The court said parliament may pursue amendments tabled by 16 deputies, including one that tweaks term limits to all elected offices, reports said.
Ecuadoran lawmakers issued the proposals, which would allow presidents to seek unlimited terms, following a request from leftist leader Correa.
In office since 2007, Correa was re-elected in February 2013 to a four-year term, the last he is currently allowed under the law.
Ecuador's constitution, which was adopted by referendum under Correa in 2008, only allows two consecutive terms for public office holders, including the president.
Correa has long claimed he has no intention of running for a third term, but in May asked the national assembly to modify the constitution to allow unlimited terms.
On his Twitter account, opposition leader Guillermo Lasso blasted the decision.
"It seems (the court) has used the Day of the Dead holiday to bury one of the pillars of Ecuadoran democracy," he wrote.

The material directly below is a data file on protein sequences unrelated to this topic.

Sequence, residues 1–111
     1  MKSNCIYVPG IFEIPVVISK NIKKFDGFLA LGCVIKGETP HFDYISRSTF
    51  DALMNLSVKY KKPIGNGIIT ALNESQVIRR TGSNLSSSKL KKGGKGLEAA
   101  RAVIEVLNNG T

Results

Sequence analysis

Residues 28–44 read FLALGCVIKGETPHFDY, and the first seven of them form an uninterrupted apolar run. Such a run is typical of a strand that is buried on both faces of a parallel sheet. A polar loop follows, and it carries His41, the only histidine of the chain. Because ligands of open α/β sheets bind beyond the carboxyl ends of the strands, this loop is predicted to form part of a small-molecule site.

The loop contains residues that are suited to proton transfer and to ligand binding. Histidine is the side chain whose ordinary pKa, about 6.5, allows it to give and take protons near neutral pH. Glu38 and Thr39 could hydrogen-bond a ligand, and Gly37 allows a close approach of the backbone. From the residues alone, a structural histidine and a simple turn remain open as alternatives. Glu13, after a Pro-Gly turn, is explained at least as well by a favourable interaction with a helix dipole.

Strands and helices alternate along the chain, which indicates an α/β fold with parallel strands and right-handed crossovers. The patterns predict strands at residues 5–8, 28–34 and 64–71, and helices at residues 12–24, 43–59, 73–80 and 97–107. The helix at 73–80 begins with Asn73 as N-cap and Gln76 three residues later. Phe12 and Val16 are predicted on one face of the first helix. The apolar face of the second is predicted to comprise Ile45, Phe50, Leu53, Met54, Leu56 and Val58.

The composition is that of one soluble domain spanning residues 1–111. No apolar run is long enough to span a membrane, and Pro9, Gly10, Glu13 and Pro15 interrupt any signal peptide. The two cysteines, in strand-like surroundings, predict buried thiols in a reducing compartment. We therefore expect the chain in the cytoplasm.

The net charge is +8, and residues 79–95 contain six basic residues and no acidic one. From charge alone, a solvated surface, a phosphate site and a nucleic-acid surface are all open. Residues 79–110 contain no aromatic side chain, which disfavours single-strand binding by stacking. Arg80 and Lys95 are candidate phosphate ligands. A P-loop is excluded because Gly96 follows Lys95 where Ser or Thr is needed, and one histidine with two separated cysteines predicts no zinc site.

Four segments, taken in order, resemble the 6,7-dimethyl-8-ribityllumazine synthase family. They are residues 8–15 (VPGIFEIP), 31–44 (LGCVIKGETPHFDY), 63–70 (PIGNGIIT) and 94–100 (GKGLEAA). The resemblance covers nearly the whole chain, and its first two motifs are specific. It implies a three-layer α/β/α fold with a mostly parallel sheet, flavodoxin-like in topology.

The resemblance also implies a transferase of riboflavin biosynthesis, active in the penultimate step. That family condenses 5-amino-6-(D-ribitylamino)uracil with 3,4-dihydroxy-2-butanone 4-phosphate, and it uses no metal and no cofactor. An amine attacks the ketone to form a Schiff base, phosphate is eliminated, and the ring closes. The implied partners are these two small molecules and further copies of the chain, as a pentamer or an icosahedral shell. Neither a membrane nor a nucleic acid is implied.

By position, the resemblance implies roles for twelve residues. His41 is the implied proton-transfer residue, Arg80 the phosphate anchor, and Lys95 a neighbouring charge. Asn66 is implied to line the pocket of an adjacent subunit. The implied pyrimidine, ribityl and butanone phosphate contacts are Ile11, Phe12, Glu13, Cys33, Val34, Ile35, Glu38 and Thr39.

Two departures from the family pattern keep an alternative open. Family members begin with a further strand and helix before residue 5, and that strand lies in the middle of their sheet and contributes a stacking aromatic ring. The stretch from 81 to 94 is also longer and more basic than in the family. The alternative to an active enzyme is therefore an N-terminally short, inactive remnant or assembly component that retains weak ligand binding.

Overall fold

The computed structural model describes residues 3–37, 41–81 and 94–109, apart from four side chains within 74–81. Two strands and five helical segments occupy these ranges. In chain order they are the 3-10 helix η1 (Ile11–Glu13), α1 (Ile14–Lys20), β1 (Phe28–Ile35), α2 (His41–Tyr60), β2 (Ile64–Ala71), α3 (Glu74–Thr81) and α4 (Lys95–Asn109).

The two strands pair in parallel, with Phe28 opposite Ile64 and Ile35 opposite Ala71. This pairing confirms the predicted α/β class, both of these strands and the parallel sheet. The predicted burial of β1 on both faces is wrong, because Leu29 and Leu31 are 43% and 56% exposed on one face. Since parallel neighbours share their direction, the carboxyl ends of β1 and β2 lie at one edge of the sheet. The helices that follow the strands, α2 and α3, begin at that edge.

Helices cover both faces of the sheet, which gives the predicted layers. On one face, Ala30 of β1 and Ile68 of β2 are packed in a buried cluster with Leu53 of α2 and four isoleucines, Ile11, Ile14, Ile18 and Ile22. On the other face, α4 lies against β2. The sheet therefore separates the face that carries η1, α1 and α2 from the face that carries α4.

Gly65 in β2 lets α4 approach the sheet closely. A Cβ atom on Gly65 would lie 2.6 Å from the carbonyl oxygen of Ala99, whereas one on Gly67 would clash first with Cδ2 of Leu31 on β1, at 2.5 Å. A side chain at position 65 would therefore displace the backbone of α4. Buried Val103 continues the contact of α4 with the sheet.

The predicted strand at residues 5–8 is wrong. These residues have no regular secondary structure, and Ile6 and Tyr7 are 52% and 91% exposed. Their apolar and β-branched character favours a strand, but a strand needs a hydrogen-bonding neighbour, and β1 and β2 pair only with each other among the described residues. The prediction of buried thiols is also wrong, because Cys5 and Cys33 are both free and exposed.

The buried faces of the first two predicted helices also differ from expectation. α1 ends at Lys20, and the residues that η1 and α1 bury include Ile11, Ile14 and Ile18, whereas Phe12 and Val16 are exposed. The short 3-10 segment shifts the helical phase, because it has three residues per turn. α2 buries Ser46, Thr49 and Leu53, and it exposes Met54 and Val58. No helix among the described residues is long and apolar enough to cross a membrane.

After the court's ruling, the parliament must approve the measure within a year. It is likely to win quick support given the government's solid majority.
In its decision, the Constitutional Court also approved several amendments that had been voted for by parliament.
Among the measures were some making communication a "public service," authorizing the army to help police with security in the interior of the country and reducing to 30 from 35 the minimum age to be elected president.
The communication amendment has been fiercely criticized by media outlets, who fear it will lead to greater state control of the press.